After thus meeting Bertha Garza on January 29, Brown on February 5 used an 'undercover' phone at the Dallas Regional Office to call Odessa, Texas, FE 79394, Chinos Cafe, and asked to speak to Bertha. When a person answered by that name, 'I asked her if Mr. Lopez was in town and she said he had not arrived as of yet but he would be in later on because she was the first one she always got in touch with then he arrived in Odessa. I stated I wanted her to tell him I would be in Odessa that night, for him to wait on me at Chinos Cafe.'
Brown flew from Dallas to Odessa and there, at 8:30 P.M., made a second call to telephone FE 79394 'and asked to speak to Bertha and she said this was Bertha and I asked her if Lopez was in town and she stated he had waited on me at Chinos Cafe and since I did not arrive he had gone back to his hotel and I was to come by room 39 (in the Walker Hotel) and knock on the door and he would come out.' Brown continued,
'I went by about 8:50 or 8:40 PM on the 5th and walked-- exited my vehicle and walked over to room 39 and knocked and Mr. Lopez came out and told me that since I had not arrived earlier he decided to come back to his room. He and I got in my vehicle and he instructed me to drive to 606 Magnolia and Mr. Lopez exited my car and went into the house at 606 Magnolia.'
606 Magnolia Street is a family dwelling where Bertha Garza lived, next door to Chinos Cafe. After a few minutes Lopez returned from that house with some folded pieces of note paper in his hand. He instructed Brown to drive back to Walker's Hotel, where they sat in the car and 'discussed further transactions as far as getting heroin.' 'And then he gave me the thirteen pieces of note book paper and in turn I gave him five hundred dollars of official Government funds.' Brown and some other agents 'field tested' this evidence, 'and it gave a positive result.'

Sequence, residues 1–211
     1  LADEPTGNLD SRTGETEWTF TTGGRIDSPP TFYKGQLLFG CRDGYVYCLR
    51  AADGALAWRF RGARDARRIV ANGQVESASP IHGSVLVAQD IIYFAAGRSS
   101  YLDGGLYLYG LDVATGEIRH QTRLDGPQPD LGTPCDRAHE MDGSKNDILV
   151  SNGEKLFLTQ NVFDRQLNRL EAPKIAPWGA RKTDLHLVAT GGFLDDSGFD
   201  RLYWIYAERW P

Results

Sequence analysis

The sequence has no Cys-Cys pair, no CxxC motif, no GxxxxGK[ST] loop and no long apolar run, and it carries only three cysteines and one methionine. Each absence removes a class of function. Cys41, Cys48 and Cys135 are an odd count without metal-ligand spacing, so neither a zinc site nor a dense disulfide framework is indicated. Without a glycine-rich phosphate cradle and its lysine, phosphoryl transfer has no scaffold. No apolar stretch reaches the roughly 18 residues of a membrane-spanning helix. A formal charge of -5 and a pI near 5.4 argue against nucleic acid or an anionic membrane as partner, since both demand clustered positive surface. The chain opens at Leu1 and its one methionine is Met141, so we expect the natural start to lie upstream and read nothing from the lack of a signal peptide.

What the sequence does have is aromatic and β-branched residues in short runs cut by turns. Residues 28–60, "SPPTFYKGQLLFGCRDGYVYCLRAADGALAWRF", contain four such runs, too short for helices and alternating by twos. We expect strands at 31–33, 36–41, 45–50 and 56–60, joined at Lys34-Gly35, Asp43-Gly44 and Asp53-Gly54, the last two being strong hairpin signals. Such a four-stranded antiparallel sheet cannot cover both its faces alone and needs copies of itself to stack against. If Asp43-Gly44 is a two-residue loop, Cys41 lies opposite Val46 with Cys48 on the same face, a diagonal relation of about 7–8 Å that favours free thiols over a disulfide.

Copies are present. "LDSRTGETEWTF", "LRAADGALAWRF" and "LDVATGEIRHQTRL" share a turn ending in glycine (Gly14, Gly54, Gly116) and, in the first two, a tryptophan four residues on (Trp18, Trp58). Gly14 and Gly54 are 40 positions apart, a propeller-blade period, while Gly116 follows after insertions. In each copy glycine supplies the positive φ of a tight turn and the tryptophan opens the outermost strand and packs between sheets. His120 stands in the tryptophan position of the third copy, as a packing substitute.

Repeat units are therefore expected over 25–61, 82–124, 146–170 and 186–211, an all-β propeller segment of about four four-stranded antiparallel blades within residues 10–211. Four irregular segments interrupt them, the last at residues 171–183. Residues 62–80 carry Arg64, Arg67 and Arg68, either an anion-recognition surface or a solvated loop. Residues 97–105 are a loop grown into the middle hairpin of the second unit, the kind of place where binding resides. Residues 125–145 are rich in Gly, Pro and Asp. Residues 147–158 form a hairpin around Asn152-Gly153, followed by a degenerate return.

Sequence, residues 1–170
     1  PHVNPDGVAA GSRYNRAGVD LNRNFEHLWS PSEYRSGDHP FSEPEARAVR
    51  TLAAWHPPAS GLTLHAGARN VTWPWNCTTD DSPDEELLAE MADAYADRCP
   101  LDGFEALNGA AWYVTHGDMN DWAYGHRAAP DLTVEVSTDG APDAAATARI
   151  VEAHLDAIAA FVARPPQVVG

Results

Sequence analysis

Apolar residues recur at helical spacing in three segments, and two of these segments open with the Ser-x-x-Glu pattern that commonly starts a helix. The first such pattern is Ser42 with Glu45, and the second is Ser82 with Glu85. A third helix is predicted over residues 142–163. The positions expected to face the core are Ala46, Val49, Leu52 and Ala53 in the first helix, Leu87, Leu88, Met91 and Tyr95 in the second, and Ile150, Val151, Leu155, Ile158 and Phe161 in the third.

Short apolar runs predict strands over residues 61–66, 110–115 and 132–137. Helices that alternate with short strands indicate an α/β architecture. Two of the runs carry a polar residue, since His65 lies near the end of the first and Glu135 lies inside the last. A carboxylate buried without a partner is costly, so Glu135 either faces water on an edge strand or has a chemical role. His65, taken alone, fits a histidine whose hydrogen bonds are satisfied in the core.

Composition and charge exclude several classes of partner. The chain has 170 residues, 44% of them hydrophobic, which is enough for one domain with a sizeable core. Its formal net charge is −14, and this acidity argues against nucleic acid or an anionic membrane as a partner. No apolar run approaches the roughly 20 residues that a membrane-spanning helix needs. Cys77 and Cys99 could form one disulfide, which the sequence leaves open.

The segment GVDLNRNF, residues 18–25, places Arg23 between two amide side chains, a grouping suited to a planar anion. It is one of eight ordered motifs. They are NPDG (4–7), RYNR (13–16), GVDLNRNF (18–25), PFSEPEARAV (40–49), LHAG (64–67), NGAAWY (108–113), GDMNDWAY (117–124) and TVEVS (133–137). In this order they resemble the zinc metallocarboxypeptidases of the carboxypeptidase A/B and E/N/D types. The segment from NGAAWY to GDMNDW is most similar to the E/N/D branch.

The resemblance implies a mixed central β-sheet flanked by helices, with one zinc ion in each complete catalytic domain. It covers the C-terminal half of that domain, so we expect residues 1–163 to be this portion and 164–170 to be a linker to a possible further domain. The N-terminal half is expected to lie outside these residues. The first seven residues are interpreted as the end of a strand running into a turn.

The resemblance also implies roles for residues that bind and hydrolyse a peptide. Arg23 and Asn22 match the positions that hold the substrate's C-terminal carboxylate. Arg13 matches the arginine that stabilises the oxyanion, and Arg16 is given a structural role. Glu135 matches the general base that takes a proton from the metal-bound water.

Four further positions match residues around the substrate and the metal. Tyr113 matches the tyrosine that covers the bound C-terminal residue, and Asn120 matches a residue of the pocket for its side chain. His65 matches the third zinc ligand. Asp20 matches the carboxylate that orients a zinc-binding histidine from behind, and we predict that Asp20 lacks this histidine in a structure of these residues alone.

Next, on Februray 13, 1969, Brown had two telephone conversations with Bertha Garza.
'At about 6:30 PM on February the 13th, 1969 I telephoned Chinos Cafe and spoke to Bertha and asked if Mr. Lopez had come to Odessa and she stated he had not but that probably he had car trouble or something and he would probably be in later on. * * * The next one was at 9:30 PM February the 13th, 1969 when I called Bertha at Chinos Cafe. * * * I asked Bertha if Mr. Lopez had arrived in Odessa and she stated he had and would be in room 39 and he would not be there until after 11:00 o'clock and wanted me to come by.'
Brown arrived at the Walker Hotel about 11:40 P.M. and knocked on the door of Room 39. Lopez invited him in and delivered to him a woman's stocking containing some folded pieces of note book paper. 'I then in turn told Mr. Lopez, after Mr. Lopez handed them to me, I then told him I had to go to my car to get the money out of my trunk. I walked out the back door of room 39 and opened the trunk of my car, which was the signal for the surveilance agents to make the arrest.'